# Topology

## Topology and Azumaya algebras

An Azumaya algebra is something that is "locally" isomorphic to a matrix algebra. By varying the sense of "locally", we arrive at different incarnations of the concept. The motivating example is that of central simple algebras over a field. In this talk, I will concentrate on the topological aspects of the idea. I will give examples and show that the flexibility of topology allows one to produce counterexamples in algebra. At the end, I will mention some problems I do not know how to solve.

## Hurwitz Numbers via Topological Recursion

Hurwitz numbers are counts of maps between Riemann surfaces with specified ramification profiles. Alternatively, they may be seen as counting decompositions of the identity in symmetric groups into permutations of given cycle type or as certain expressions of symmetric functions. While these two interpretations, due to Hurwitz, Frobenius, and Schur, have been known for over a hundred years, these numbers occur in more contexts: they give solutions to certain systems of PDEs, such as the Kadomtsev-Petviashvili hierarchy, they encode intersection numbers of moduli spaces of curves, and they can be found via Eynard-Orantin topological recursion.

In this talk, I will first give some of the definitions of Hurwitz numbers and then explain what topological recursion is and how it helps us shed new light on these numbers.

### Speaker Biography

Reinier Kramer studied physics and mathematics at the Universities of Amsterdam and Cambridge. In 2019, he obtained a PhD at the University of Amsterdam with Sergey Shadrin, and from 2019 to 2021 he held a postdoctoral fellowship at the Max Planck Institute of Mathematics in Bonn, in the group of Gaëtan Borot. He is currently a postdoctoral fellow with Vincent Bouchard at the University of Alberta. He works in the areas of mathematical physics and algebraic geometry, and is mainly interested in using topological recursion to calculate intersection-theoretic and enumerative-geometric objects, with a focus on Hurwitz numbers.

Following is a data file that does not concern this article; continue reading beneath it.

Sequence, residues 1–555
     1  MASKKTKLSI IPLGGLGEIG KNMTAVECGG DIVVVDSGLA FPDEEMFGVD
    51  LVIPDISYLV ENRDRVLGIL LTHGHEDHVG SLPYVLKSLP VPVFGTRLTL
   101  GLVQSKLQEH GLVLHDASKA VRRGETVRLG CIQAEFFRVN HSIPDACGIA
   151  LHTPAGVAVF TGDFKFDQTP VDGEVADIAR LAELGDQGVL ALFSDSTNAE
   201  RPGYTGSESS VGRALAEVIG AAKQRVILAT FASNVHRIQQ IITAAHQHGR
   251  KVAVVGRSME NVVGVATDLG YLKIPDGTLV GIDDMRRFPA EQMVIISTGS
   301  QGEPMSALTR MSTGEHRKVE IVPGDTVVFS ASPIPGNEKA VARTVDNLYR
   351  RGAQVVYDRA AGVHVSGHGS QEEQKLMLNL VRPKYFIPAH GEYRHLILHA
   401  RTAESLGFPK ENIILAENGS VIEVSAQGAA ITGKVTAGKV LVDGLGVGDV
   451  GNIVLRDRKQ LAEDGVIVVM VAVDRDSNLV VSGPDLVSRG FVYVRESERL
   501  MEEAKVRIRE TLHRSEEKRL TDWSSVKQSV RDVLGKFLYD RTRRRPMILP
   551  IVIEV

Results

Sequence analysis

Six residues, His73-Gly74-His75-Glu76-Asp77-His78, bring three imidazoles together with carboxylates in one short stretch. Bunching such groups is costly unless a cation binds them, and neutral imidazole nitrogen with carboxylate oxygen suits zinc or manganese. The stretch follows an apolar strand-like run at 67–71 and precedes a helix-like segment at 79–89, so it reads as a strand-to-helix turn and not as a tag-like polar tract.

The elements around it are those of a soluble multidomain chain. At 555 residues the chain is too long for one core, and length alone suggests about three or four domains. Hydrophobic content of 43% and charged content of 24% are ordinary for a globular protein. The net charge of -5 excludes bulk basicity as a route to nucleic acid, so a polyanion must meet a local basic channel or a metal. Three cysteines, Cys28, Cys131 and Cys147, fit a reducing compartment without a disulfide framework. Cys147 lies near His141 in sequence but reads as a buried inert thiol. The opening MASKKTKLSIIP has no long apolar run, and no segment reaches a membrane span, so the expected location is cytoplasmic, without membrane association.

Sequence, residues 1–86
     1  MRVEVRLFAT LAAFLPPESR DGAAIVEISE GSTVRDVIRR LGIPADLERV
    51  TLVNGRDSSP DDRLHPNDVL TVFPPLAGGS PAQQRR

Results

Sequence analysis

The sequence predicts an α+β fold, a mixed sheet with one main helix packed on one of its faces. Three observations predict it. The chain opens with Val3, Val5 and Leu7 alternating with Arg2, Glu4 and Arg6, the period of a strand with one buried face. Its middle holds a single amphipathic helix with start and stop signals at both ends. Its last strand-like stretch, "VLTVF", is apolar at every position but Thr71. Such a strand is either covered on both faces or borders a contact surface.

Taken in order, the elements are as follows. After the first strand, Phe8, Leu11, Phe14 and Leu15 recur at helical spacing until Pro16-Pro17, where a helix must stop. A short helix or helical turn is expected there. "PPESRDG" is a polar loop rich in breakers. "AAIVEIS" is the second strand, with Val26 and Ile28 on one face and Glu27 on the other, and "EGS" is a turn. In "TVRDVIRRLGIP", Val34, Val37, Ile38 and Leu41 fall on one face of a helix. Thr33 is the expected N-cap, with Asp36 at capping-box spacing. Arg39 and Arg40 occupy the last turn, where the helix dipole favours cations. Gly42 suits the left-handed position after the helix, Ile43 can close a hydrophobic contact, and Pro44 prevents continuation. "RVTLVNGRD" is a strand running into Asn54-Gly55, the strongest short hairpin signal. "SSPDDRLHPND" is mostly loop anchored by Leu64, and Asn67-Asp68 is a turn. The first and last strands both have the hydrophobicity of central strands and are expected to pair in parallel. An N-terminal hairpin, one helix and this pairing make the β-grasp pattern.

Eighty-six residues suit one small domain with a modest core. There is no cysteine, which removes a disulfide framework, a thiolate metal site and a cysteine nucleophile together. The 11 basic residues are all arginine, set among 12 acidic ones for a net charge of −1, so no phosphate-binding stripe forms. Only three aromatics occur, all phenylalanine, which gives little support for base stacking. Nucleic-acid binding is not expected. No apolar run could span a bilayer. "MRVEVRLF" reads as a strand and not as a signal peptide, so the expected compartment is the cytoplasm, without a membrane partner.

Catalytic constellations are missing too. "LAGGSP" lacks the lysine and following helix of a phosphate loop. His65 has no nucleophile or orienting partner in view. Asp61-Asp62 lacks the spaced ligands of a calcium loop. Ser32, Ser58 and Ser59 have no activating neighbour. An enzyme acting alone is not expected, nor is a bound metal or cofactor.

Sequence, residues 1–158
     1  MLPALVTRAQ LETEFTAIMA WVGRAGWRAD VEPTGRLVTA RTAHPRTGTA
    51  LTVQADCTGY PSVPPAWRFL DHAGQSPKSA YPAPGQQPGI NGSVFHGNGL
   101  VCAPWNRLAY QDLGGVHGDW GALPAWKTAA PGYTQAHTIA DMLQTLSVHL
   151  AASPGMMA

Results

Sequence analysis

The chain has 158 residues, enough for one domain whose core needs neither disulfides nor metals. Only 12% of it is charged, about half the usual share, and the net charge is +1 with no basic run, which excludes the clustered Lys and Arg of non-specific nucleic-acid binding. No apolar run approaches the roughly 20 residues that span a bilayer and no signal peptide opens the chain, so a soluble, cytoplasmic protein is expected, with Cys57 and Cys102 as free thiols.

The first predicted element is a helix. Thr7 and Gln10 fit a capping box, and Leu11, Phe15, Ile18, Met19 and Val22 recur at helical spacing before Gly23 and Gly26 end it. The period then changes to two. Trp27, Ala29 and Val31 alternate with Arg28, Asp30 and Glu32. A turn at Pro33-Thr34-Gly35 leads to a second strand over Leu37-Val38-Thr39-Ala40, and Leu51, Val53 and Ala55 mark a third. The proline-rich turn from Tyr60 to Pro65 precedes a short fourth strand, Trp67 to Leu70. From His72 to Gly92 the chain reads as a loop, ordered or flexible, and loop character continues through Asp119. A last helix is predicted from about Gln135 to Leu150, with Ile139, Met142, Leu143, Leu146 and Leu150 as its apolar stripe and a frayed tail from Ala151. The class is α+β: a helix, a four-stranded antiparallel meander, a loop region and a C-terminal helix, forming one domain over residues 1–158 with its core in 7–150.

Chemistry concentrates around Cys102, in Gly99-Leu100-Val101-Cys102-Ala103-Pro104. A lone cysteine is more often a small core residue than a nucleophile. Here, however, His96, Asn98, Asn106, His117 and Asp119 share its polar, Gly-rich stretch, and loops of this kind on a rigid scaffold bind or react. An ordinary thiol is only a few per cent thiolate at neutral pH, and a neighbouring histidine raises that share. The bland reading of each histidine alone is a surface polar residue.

## An Overview of Knots and Gauge Theory

The Jones polynomial of a knot, discovered in 1983, is a very

subtle invariant that is related to a great deal of mathematics and

physics. This talk will be an overview of quantum field theories in

dimensions 2, 3, 4 and 5 that are intimately related to the Jones

polynomial of a knot and a more contemporary refinement of it that is known

as Khovanov homology.

## Crystallography of hyperbolic lattices: from children's drawings to Fuchsian groups

yperbolic Lattices are tessellations of the hyperbolic plane

using, for instance, heptagons or octagons. They are relevant for quantum